http://ocw.mit.edu/resources/restll004stemconceptvideosfall2013/videos/differentialequations/contaminantfatemodeling
Teaching and Learning Laboratory (TLL)
Singapore University of Technology and Design (SUTD)
20131230T16:02:35+05:00
enUS
MIT OpenCourseWare http://ocw.mit.edu
Content within individual OCW courses is (c) by the individual authors unless otherwise noted. MIT OpenCourseWare materials are licensed by the Massachusetts Institute of Technology under a Creative Commons License (AttributionNonCommercialShareAlike). For further information see http://ocw.mit.edu/terms/index.htm

Curl
<h2 class="subhead">Summary</h2> <p>This video leads students through the physical definition of the curl, and its connection to the mathematical description. A variety of classical fluid flow environments are analyzed for the existence of curl. Finally, the connection between curl and momentum transfer in fluid flow are explored in the context of biological locomotion.</p> <h2 class="subhead">Learning Objectives</h2> <p>After watching this video students will be able to:</p> <ul> <li>Understand curl as a measurement of the magnitude and direction of maximum circulation per unit area.</li> <li>Recognize curl in 2dimensional fluid flows.</li> <li>Describe the relationship between curl and vorticity.</li> <li>Connect vorticity to momentum transfer for a collection of familiar physical phenomena.</li> </ul> <p>Funding provided by the Singapore University of Technology and Design (SUTD)</p> <p>Developed by the Teaching and Learning Laboratory (TLL) at MIT for SUTD</p> <p>MIT © 2012</p>Thumbnail  <a href= http://img.youtube.com/vi/2pQW0UrkrQY/default.jpg>JPG (YouTube)</a><br>Video  stream: <a href= http://www.youtube.com/v/2pQW0UrkrQY>YouTube </a><br><br><a href= 'http://ocw.mit.edu/terms/'>(CC BYNCSA)</a><br><br>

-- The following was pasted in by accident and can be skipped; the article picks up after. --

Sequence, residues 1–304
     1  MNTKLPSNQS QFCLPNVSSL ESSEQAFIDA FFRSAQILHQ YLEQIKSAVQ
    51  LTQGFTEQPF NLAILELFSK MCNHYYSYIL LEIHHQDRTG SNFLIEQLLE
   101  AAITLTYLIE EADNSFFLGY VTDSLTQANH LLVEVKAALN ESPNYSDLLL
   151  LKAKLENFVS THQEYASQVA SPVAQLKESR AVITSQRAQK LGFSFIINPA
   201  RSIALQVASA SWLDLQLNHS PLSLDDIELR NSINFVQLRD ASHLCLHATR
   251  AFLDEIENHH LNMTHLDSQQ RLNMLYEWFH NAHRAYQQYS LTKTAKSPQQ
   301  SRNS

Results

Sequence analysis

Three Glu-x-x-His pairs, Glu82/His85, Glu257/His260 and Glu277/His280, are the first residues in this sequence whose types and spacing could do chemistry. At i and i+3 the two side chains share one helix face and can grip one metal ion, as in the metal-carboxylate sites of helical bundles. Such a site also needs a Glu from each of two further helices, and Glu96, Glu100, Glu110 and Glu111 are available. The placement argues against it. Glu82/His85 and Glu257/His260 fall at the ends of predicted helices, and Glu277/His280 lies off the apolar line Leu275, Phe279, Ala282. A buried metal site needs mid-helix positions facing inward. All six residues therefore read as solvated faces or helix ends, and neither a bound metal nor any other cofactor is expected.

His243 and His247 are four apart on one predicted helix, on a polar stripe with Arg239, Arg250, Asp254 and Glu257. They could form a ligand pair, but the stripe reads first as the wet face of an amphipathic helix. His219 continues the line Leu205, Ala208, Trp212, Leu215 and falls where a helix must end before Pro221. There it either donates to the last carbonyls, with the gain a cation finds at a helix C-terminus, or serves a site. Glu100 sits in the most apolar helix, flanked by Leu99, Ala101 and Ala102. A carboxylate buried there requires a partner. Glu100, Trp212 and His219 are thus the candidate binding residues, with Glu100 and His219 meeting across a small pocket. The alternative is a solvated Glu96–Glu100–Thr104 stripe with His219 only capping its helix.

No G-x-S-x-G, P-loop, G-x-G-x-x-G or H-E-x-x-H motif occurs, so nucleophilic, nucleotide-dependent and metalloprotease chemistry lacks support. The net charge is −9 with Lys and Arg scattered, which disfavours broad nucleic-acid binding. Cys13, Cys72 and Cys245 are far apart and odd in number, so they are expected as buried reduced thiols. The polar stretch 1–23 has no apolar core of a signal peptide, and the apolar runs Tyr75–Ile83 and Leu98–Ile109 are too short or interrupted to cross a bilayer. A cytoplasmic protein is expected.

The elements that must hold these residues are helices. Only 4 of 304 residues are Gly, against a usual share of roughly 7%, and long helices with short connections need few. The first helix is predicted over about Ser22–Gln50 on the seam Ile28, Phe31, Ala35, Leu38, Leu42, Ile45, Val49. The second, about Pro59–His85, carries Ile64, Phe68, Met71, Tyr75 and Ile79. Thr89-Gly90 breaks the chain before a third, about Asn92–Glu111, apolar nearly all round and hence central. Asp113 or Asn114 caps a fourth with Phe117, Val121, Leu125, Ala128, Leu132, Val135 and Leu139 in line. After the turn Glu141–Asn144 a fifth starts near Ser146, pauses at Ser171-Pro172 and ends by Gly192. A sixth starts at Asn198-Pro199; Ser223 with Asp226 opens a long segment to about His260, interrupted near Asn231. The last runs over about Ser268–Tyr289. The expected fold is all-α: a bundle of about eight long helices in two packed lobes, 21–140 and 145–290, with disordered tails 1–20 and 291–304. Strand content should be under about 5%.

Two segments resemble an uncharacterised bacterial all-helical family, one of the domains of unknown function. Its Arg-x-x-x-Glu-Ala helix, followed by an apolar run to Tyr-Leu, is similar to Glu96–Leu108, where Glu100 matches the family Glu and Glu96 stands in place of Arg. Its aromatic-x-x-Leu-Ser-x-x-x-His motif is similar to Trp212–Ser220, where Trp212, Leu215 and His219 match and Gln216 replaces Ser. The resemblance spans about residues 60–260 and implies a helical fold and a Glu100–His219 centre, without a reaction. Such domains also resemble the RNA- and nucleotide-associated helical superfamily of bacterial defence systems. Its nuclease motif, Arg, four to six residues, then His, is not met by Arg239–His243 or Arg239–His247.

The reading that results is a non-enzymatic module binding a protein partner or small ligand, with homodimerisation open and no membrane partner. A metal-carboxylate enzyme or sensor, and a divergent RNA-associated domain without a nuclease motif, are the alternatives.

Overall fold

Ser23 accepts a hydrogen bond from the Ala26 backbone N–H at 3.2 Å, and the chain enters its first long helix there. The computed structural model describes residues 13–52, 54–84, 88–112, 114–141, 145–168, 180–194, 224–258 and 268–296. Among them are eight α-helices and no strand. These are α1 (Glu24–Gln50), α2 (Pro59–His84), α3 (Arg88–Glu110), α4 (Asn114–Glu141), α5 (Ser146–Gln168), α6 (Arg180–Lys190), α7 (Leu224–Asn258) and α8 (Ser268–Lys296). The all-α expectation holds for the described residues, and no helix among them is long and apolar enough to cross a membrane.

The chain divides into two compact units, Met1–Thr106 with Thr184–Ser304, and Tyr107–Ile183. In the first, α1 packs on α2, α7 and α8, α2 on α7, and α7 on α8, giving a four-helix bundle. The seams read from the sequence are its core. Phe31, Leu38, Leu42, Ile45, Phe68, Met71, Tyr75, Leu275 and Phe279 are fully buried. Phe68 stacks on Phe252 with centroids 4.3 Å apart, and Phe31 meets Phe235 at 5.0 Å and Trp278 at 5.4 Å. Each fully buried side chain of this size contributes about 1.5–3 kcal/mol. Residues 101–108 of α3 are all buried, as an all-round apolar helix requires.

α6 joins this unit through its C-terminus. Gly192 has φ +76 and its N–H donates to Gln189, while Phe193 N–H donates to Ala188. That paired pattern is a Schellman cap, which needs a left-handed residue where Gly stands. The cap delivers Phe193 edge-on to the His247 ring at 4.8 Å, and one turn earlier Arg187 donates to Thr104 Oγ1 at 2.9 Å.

http://ocw.mit.edu/resources/restll004stemconceptvideosfall2013/videos/differentialequations/curl
Teaching and Learning Laboratory (TLL)
Singapore University of Technology and Design (SUTD)
20131230T16:02:35+05:00
enUS
MIT OpenCourseWare http://ocw.mit.edu